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					Mindfulness Meditation
Excerpt from:
Rediger, J, Summers, L. Mindfulness Meditation. In Lake, J and Spiegel, D (ed.),
Clinical Manual of Complementary and Alternative Treatments in Mental Health.
Washington, DC: American Psychiatric Press, Inc. 2006.

Introduction
In recent years, as a general shift in consciousness occurs that includes advances in physics,
neurophysiology, and a burgeoning interest in spirituality, western scientists are slowly moving into realms
that were previously considered outside the purview of traditional science. One of the most compelling areas
of new inquiry is the growing interest in studies on the nature and capacities of human consciousness. The
exploration of consciousness has enormous implications for all of the humanities and sciences, and
especially psychiatry, because a deeper understanding of consciousness is the key to both self-understanding
– and cultural understanding. Because Westerners are conditioned by a pervasive materialist worldview, it is
difficult for the western mind to accept the claim that objective knowledge about ourselves and the world can
arise independently of the five senses.

Meditation provides a particularly interesting window into the nature and capacities of human consciousness.
Believed to enhance the success and improve the quality of life for so many ordinary and extra-ordinary
people—-housewives, attorneys, adolescents studying martial arts, and even championship players on
basketball teams like the Chicago Bulls and Los Angeles Lakers – meditation is a practice whose time has
come. According to Salmon, Santorelli, and Kabat-Zinn (1998; cited by Baer 2003), by 1997 over 240
hospitals and clinics in the United States and abroad were offering their medical patients stress reduction
programs based on mindfulness meditation, a particular type of meditation examined below.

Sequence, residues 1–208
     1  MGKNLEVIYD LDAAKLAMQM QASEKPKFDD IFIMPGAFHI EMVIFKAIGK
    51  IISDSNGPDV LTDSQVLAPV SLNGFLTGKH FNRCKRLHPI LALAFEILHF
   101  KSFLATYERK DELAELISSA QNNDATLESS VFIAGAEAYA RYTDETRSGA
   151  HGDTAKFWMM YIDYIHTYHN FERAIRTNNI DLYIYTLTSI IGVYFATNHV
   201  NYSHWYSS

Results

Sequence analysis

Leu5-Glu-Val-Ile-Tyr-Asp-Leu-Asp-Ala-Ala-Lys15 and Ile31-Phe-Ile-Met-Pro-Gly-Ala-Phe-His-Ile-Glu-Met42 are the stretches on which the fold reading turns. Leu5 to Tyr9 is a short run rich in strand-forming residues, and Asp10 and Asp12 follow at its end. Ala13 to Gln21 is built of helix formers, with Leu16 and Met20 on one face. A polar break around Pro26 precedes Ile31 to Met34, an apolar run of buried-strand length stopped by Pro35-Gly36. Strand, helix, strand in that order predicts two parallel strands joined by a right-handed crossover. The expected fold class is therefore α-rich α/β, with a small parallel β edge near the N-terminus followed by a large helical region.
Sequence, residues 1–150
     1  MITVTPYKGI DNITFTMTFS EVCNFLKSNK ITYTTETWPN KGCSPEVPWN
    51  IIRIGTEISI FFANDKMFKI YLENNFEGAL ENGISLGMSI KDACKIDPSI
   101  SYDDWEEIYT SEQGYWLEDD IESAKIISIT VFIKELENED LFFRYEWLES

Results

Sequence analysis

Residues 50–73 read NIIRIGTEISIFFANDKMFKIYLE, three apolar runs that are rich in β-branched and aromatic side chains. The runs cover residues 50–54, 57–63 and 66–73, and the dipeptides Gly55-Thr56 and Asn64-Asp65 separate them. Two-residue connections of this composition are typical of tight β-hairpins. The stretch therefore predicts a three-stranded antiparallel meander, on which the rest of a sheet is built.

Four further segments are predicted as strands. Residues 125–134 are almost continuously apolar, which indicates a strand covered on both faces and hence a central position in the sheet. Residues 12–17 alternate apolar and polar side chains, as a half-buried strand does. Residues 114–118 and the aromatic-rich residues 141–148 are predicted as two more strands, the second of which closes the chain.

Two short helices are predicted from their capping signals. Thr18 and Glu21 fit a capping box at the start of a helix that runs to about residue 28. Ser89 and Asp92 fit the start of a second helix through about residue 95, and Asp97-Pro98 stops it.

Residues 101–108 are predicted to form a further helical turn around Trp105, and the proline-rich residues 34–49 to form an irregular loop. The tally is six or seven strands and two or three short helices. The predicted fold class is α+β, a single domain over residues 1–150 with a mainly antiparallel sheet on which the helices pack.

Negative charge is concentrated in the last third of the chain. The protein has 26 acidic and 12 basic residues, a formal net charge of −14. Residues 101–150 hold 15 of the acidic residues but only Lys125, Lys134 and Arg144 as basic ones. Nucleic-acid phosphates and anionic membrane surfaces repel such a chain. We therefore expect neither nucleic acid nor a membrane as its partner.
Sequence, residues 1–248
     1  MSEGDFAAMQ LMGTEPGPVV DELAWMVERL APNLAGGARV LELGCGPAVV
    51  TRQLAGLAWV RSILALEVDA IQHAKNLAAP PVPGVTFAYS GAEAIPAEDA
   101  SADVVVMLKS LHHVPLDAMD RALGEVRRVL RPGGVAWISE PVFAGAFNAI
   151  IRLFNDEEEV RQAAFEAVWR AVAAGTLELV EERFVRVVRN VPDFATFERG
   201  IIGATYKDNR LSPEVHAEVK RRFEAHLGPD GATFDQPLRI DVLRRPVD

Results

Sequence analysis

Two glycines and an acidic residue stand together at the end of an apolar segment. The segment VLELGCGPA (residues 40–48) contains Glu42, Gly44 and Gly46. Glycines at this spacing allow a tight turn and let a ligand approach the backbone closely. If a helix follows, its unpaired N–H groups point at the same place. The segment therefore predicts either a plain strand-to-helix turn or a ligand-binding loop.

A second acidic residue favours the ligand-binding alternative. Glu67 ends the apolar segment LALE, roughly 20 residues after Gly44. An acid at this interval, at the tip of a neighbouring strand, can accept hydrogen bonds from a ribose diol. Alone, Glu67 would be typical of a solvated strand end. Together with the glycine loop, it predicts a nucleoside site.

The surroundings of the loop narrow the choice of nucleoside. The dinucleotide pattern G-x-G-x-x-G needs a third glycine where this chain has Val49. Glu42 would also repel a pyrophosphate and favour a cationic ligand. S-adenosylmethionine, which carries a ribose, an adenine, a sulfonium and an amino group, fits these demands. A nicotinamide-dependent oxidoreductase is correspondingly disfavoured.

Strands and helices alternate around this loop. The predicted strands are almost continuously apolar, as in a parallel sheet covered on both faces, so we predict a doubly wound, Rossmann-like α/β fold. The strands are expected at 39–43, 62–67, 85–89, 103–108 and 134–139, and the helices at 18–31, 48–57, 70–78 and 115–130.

As interest in meditation grows, it is increasingly becoming the object of scientific investigation. The
meeting of eastern contemplative traditions with western science is a meeting of great import and meaning.
In a sense, it is a union of western post-Enlightenment rationalism with eastern concepts of enlightenment.
Psychiatry stands to reap important insights from the scientific study of meditation. This chapter summarizes
progress that has been made to date. The published research literature on meditation as an intervention for
psychiatric disorders is critically reviewed, clinical guidelines are presented, and future research goals are
suggested.

A Brief History and Definition
Historical studies of meditation
The Western medical literature contains over thirty years of published studies on meditation. One important
general observation is that different types of meditation cannot be easily compared, not only in terms of the
therapeutic benefits of particular meditation practices, but also in terms of empirical measures of cognitive,
emotional and bodily effects. Some forms of meditation are ecstatic or cathartic whereas others promote
calmness and relaxation. Some approaches attend to the fluctuation of internal experience, e.g., of thoughts,
emotions or bodily sensations; others train the mind to pay attention to particular external auditory or visual
cues. Physiological changes assoicated with meditation, including electrical brain activity , vary widely,
depending on the style of meditation, the duration of practice, and many factors that are difficult to quantify.
Claims of remarkable emotional and physiological benefits achieved by advanced meditators have attracted
considerable attention from western scientists. However, current research methods used to investigate these
claims are limited by our incomplete understanding of consciousness in general and the absence of
standardized protocols for measuring changes in functional brain activity during meditation.
Past Meditation Research
Transcendental meditation (T.M.) an approach in which the meditator achieves a meditative state by